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by Ovid,Garth Tissol
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History & Criticism
  • Author:
    Ovid,Garth Tissol
  • ISBN:
    052181958X
  • ISBN13:
    978-0521819589
  • Genre:
  • Publisher:
    Cambridge University Press (May 12, 2014)
  • Pages:
    202 pages
  • Subcategory:
    History & Criticism
  • Language:
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    1740 kb
  • ePUB format
    1945 kb
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    1143 kb
  • Rating:
    4.5
  • Votes:
    866
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Ovid: Epistulae ex Ponto. Garth Tissol, Professor of Classics at Emory University, is the author of The Face of Nature: Wit, Narrative, and Cosmic Origins in Ovid's Metamorphoses (1997) as well as articles on Ovid, Virgil and Dryden's translations of Latin literature. Series: Cambridge Greek and Latin Classics.

Series: Cambridge Greek and Latin Classics. Subjects: Classical Literature, Classical Studies. The introduction examines the literary background of the Epistulae ex Ponto, their relation to Ovid's earlier works, and their special interest and appeal to readers of Augustan poetry.

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Ovid: Epistulae ex Ponto Book I. Ovid. Menander: Samia (The Woman from Samos).

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TISSOL (E., OVID: EPISTULAE EX PONTO, BOOK I (Cambridge Greek and Latin Classics). Our Latin and Greek helped to make us what we became. And later, in various ways, we repay the compliment. Cambridge: Cambridge University Press, 2014. Pp. ix + 191. isbn 9780521819589 (bound); 9780521525626 (paper).

After five books of Tristia, he composed a collection of verse letters, the Epistulae ex Ponto, in which he appeals to his friends and supporters in Rome, lamenting his lot and begging for their help in When Ovid, already renowned for his love poetry, the Metamorphoses and other works, was exiled by Augustus to Tomis on the Black Sea in AD 8, he. continued to write.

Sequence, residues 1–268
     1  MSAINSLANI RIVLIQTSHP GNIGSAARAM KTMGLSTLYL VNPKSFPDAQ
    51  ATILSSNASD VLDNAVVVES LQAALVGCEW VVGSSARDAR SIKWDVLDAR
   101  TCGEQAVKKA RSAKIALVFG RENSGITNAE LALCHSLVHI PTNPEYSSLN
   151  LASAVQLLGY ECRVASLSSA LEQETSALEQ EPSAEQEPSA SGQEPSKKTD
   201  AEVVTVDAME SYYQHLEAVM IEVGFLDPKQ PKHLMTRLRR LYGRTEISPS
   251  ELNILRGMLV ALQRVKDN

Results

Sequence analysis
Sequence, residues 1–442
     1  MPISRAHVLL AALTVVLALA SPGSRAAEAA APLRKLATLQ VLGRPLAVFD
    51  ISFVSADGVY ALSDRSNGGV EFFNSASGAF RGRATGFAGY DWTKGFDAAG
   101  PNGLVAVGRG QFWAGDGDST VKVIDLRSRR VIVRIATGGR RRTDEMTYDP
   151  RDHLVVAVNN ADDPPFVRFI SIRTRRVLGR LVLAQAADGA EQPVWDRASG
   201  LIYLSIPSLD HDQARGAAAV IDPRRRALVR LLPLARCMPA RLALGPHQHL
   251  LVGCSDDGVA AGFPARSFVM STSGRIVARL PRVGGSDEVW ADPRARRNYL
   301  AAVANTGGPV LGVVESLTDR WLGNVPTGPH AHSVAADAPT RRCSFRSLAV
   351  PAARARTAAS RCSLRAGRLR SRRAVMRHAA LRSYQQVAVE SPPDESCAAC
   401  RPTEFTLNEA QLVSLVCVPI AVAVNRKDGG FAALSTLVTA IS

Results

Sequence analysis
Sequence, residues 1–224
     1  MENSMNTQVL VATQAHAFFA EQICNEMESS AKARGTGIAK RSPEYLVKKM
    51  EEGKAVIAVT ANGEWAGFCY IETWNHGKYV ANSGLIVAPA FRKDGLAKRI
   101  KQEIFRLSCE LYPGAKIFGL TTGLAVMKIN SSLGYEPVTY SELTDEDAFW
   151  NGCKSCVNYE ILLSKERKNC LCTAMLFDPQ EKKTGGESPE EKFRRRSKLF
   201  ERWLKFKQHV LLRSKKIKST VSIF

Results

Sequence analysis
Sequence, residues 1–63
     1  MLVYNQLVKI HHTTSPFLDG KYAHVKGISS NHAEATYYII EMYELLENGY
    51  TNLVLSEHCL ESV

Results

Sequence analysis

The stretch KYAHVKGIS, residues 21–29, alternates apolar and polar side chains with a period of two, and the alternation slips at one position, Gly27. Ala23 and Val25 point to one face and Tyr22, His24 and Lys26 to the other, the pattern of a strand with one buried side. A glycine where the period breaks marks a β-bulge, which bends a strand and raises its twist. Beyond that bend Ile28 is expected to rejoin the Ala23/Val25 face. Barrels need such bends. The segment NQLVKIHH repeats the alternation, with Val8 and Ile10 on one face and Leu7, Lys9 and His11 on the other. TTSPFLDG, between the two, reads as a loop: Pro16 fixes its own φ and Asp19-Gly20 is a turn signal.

Reading Ovid in his native Latin is always delightful, and this book includes what most Latin readers need to fully appreciate the experience. It is a worthy representative of the Cambridge Greek and Latin Classics series. Although the Epistles of Ovid's exile often receive less attention than the poet's amorous elegies, not to mention his Metamorphoses, they are interesting and enjoyable works in their own right.

BEGINNER’S LATIN BOOK - Textkit Greek and Latin. 46 MB·2,360 Downloads. BEGINNER’S LATIN BOOK WILLIAM C. COLLAR AND M. GRANT DANIELL This public domain grammar The Beginn. Awakening the Third Eye. 280 Pages·2008·1. 46 MB·77,701 Downloads.

When Ovid, already renowned for his love poetry, the Metamorphoses and other works, was exiled by Augustus to Tomis on the Black Sea in AD 8, he continued to write. After five books of Tristia, he composed a collection of verse letters, the Epistulae ex Ponto, in which he appeals to his friends and supporters in Rome, lamenting his lot and begging for their help in mitigating it. In these epistolary elegies his inventiveness flourishes no less than before and his imaginative self-fashioning is as ingenious and engaging as ever, although in a minor key. This commentary on Book I assists intermediate and advanced students in understanding Ovid's language and style, while guiding them in the appreciation of his poetic art. The introduction examines the literary background of the Epistulae ex Ponto, their relation to Ovid's earlier works, and their special interest and appeal to readers of Augustan poetry.

Zodama
Reading Ovid in his native Latin is always delightful, and this book includes what most Latin readers need to fully appreciate the experience. Users of the Cambridge "Green and Yellows" will recognize the usual format, beginning with an English introduction to the work, followed by the Latin text, and completed with significant commentary in the endnotes. Although the Epistles of Ovid's exile often receive less attention than the poet's amorous elegies, not to mention his Metamorphoses, they are interesting and enjoyable works in their own right. The editor introduces the background for all ten letters under individual headnotes, which also point out the interplay and occasional inconcinnity between these individualized letters. The remaining comments are thorough but not too dense for a proficient student. I found Peter Green's translation, "Ovid: the Poems of Exile" to be a useful alternative recourse for clarity with Latin as well as a collection embracing Ovid's other set of poems from exile, the Tristia. Overall, Tissol's commentary help the informed Latin reader get the most out of reading Ovid and enjoying, as much as one might, the carmina of his twilight years. 4.5 stars.
Agalen
Since this is a commentary on a classical text, none of the questions applies. The plot is certainly predictable, the mood is thoughtful, the pace is steady, and Ovid's whining about his exile is certainly one-dimensional. What a prospective buyer needs to know, however, is that this edition is authoritative, thorough, and useful for scholar and advanced student alike. It is a worthy representative of the Cambridge Greek and Latin Classics series.